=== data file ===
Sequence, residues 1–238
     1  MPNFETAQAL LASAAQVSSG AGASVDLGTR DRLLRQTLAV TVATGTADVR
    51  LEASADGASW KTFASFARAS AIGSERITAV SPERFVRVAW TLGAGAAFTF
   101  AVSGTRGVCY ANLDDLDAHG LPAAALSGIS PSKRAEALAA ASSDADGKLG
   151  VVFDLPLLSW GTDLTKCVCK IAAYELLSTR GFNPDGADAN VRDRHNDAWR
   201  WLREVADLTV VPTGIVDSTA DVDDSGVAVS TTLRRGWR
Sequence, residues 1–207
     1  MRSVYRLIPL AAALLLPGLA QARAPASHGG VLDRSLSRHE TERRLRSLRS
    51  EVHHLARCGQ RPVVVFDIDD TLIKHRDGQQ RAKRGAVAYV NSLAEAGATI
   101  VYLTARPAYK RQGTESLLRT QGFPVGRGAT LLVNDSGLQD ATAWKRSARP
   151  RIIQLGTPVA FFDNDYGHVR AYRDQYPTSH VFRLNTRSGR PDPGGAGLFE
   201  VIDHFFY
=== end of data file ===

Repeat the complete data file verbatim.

Sequence, residues 1–238
     1  MPNFETAQAL LASAAQVSSG AGASVDLGTR DRLLRQTLAV TVATGTADVR
    51  LEASADGASW KTFASFARAS AIGSERITAV SPERFVRVAW TLGAGAAFTF
   101  AVSGTRGVCY ANLDDLDAHG LPAAALSGIS PSKRAEALAA ASSDADGKLG
   151  VVFDLPLLSW GTDLTKCVCK IAAYELLSTR GFNPDGADAN VRDRHNDAWR
   201  WLREVADLTV VPTGIVDSTA DVDDSGVAVS TTLRRGWR
Sequence, residues 1–207
     1  MRSVYRLIPL AAALLLPGLA QARAPASHGG VLDRSLSRHE TERRLRSLRS
    51  EVHHLARCGQ RPVVVFDIDD TLIKHRDGQQ RAKRGAVAYV NSLAEAGATI
   101  VYLTARPAYK RQGTESLLRT QGFPVGRGAT LLVNDSGLQD ATAWKRSARP
   151  RIIQLGTPVA FFDNDYGHVR AYRDQYPTSH VFRLNTRSGR PDPGGAGLFE
   201  VIDHFFY